The only paper dealing with this subject is that by Bot et al. 2011. Unfortunately, is does not at all deal with the ID of fall migrants. In fact the authors only focus on face mask differences. Either there are no other features in which the taxa differ, but this is not mentioned, or it simply did not matter to the authors. They visited the breeding grounds and did never face such a non-breeding season ID-challenge.

A quick check of photos of both taxa in question, assuming, all birds had been correctly identified, available on the much recommended Oriental Bird Club’s bird image database Oriental Bird Images did not reveal any certain criteria. Only there is tendency for a slight difference in the pattern of the greater coverts. These are less rufous in CPT and the pale tips eat along the outer fringe much more in CPT than in SWCPT. Most of the pictures had not been taken in autumn though and some did show only a frontal view of the bird which is of no help in regards of finding differences on the wings and upper side. The degree of variation, be it individual, seasonal or sex related, is another still unclear point that needs urgent treatment by birdwatchers. It seems quite likely that there is a huge overlap in the coloration and pattern of the greater coverts of the two species.

After their breeding season PT form flocks and these flocks could potentially come from far away so the chance of finding a CPT within Mongolia during migration should not be dismissed.

Several questions remain unanswered and bird watchers could contribute to solve this ID problem by scrutinizing all PT they come across. For the time being it seems reasonable to treat all PT in this post as SWCPT.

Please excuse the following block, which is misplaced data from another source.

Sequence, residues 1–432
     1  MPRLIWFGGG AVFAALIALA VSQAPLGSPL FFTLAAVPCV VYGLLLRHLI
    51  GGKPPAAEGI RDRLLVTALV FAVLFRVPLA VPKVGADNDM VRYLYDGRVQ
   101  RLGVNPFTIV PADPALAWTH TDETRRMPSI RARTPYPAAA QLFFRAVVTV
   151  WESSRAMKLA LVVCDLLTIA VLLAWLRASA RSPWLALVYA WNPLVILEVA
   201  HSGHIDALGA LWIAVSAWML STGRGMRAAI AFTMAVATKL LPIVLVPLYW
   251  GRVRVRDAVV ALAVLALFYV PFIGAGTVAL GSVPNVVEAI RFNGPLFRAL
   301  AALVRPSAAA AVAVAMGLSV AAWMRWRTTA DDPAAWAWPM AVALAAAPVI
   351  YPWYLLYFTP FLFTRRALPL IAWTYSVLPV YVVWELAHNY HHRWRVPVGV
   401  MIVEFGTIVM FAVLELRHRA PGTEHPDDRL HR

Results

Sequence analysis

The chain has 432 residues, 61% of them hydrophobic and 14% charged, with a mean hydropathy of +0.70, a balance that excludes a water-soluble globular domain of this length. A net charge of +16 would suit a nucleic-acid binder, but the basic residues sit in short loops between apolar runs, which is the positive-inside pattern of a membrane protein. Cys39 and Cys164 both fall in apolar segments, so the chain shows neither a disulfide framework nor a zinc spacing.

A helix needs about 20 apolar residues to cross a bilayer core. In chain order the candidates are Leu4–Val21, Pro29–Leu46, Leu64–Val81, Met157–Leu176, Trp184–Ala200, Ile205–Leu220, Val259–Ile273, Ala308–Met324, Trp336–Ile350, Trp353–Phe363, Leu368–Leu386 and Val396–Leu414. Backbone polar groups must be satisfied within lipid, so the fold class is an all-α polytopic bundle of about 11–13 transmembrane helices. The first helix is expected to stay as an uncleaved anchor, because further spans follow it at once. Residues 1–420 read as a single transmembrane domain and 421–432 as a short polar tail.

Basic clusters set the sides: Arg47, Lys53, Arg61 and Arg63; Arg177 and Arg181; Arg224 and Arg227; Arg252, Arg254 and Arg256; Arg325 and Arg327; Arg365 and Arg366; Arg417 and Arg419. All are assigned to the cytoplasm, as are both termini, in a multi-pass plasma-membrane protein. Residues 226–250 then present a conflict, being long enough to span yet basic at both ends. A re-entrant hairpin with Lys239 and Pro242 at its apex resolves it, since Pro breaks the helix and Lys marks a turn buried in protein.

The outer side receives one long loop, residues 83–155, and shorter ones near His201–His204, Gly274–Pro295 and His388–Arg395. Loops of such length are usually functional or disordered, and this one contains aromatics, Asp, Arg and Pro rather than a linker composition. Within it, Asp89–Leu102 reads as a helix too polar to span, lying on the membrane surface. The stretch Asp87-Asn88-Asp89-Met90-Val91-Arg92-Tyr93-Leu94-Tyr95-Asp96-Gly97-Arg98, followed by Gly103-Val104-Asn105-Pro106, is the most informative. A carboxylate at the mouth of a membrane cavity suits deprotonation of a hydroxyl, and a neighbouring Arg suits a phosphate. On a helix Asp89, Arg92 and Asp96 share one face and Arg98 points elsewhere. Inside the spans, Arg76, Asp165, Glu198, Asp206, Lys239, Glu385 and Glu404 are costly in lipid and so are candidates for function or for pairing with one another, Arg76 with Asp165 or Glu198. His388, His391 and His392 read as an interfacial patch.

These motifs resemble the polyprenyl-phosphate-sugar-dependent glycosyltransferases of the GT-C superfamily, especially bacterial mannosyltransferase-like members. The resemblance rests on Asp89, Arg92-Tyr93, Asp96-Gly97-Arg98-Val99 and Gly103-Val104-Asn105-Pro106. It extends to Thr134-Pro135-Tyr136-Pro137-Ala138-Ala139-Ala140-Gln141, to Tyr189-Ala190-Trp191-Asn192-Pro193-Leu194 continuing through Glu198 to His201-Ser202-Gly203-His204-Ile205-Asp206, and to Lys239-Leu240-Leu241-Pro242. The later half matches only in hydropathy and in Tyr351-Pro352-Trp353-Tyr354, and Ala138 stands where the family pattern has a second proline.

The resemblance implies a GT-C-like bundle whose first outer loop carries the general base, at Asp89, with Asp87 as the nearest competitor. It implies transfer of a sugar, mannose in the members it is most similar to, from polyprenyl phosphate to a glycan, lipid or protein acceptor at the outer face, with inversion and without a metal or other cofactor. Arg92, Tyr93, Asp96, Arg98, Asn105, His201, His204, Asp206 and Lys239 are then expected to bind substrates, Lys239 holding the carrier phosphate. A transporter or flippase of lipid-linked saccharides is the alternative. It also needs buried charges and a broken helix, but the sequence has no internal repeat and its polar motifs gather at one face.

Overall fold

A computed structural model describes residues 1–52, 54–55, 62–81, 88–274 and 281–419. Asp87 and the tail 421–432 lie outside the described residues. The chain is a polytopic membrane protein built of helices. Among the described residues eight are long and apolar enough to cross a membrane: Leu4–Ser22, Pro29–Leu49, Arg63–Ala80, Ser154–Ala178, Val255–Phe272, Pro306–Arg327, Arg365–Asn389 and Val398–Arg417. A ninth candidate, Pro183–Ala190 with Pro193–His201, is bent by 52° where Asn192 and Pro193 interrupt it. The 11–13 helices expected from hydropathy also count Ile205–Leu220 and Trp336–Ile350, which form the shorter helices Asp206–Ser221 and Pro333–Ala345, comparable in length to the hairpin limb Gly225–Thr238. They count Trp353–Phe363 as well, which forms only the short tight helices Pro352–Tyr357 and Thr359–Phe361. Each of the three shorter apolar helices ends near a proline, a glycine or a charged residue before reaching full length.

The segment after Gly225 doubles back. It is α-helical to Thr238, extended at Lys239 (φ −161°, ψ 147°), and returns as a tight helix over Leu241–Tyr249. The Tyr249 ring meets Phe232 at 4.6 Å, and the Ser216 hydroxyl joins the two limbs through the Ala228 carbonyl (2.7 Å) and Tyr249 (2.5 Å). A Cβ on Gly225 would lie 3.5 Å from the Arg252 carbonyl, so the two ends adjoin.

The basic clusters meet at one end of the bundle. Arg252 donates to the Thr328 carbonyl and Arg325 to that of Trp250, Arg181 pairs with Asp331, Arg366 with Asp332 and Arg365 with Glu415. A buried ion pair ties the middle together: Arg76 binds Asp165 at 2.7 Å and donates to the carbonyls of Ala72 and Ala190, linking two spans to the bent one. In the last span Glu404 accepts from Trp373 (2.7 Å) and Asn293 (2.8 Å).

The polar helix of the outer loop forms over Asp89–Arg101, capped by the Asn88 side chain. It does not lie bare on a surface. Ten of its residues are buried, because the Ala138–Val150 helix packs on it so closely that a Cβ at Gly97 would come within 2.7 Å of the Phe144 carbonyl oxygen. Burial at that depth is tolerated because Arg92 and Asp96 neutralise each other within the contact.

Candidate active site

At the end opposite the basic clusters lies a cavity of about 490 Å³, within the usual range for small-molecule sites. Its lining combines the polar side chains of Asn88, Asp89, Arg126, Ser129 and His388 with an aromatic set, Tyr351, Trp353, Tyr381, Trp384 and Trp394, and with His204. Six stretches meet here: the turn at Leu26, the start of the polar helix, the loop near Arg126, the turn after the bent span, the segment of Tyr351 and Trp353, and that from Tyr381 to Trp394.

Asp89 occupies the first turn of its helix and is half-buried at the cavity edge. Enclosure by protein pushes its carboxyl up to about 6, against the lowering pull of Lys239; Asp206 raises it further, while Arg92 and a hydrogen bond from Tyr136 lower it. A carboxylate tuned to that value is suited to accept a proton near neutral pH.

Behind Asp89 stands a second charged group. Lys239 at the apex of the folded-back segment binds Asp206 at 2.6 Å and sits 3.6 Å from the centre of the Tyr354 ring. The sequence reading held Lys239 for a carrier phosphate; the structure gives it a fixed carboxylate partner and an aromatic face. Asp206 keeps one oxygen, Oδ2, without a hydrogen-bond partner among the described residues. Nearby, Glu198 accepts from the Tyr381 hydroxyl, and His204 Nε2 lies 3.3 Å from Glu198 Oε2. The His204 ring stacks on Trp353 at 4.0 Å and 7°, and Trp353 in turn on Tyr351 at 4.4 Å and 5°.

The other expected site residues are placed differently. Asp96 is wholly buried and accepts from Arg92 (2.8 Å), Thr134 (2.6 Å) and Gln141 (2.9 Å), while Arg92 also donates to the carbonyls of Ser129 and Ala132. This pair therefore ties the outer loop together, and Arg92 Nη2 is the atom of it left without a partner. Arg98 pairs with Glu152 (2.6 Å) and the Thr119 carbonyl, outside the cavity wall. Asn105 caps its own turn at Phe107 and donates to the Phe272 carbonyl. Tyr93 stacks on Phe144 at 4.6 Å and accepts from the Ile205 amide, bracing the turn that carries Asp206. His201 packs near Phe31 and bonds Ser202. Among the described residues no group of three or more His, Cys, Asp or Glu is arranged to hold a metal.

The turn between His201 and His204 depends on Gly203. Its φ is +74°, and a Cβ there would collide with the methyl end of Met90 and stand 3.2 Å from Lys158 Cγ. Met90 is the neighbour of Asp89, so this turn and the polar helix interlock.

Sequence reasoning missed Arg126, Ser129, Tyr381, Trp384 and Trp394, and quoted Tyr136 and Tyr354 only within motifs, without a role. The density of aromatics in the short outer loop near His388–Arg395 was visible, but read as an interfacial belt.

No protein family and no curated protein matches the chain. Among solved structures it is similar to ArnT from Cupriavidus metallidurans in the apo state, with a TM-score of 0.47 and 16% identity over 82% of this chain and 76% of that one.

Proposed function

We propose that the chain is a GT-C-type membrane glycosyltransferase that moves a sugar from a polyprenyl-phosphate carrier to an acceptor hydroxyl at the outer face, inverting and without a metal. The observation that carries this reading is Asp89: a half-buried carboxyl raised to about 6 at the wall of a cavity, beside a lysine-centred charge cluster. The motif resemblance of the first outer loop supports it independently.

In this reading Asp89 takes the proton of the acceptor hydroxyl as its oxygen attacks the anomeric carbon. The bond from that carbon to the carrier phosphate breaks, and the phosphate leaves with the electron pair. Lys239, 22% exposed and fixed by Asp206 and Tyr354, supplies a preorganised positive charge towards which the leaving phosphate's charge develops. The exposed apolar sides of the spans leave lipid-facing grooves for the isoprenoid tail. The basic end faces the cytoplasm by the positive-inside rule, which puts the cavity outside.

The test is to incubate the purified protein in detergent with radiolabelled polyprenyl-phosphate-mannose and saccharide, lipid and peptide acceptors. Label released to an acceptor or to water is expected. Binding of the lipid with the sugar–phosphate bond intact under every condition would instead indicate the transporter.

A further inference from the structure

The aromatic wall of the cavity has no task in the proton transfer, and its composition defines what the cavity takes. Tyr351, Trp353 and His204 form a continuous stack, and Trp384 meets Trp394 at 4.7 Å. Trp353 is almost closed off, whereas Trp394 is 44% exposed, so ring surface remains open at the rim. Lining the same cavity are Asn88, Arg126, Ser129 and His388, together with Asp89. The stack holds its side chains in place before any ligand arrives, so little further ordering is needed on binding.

As always, comments of the ID of the birds (any objections about the SWCPT?), plants (here: On which bush are the two PT in picture 2 foraging? Myricaria longifolia? Or is it belonging to the true tamarisks?) and other wildlife shown on this blog, are most welcome. All pictures shown here had been taken with a handheld digital camera.

White-crowned Penduline Tits
Tuul Gol, UB, August 2016

White-crowned Penduline Tit
Tuul Gol, UB, August 2016

White-crowned Penduline Tit
Tuul Gol, UB, August 2016

Bird List (42 species)

Mallard c.30
Common Teal 17
Garganey 2
Northern Shoveler 2
Mandarin Duck 1 female or juvenile (or both)
Grey Heron 1
Black-eared Kite 1 ad.
Eurasian Hobby 1 ad.
Common Tern 1
Green Sandpiper 1
Common Sandpiper 1
Pintail/Swinoe’s Snipe 4
Oriental Turtle Dove 2
Lesser Spotted Woodpecker 1

White-crowned Penduline Tit
Tuul Gol, UB, August 2016

White-crowned Penduline Tit
Tuul Gol, UB, August 2016

White-crowned Penduline Tit
Tuul Gol, UB, August 2016

White-crowned Penduline Tit
Tuul Gol, UB, August 2016

Richard’s Pipit c.40
Blyth’s Pipit 1
Olive-backed Pipit c.20
Grey Wagtail 8
presumed Stejneger’s Stonechat 2
Siberian Rubythroat 2
Thick-billed Warbler 9
Common Whitethroat 1 juv.
presumed Siberian Whitethroat 4
Pallas’s Warbler 1
Yellow-browed Warbler 3
Arctic Warbler 1
Dusky Warbler c.60
Taiga Flycatcher c.20
Eurasian Tree Sparrow c.130
Azure Tit 7
Great Tit 2
presumed Stoliczka’s White-crowned Tit c.60, biggest flock 22
Northern Raven 5
Eurasian Magpie 16
Red-billed Chough 2
Brown Shrike 4
Common Rosefinch 18
Long-tailed Rosefinch c.20
Yellow-breasted Bunting 1
Pine Bunting 1
Little Bunting 9
Black-faced Bunting c.30

White-crowned Penduline Tit
Tuul Gol, UB, August 2016

White-crowned Penduline Tit
Tuul Gol, UB, August 2016

Siberian Rubythroat
Just had eaten a spider, Tuul Gol, UB, August 2016

female Banded Darter Sympetrum pedemontanum
Tuul Gol, UB, August 2016

Literature cited

Bot, S., Brinkhuizen, D., Pogány, Á., Székely, T. & van Dijk, R. 2011. Penduline tits in Eurasia: distribution, identification and systematic. Dutch Birding 33: 177-187.

Harrap, S. & Quinn, D. 1996. Tits, Nuthatches & Treecreepers. A & C Black. London.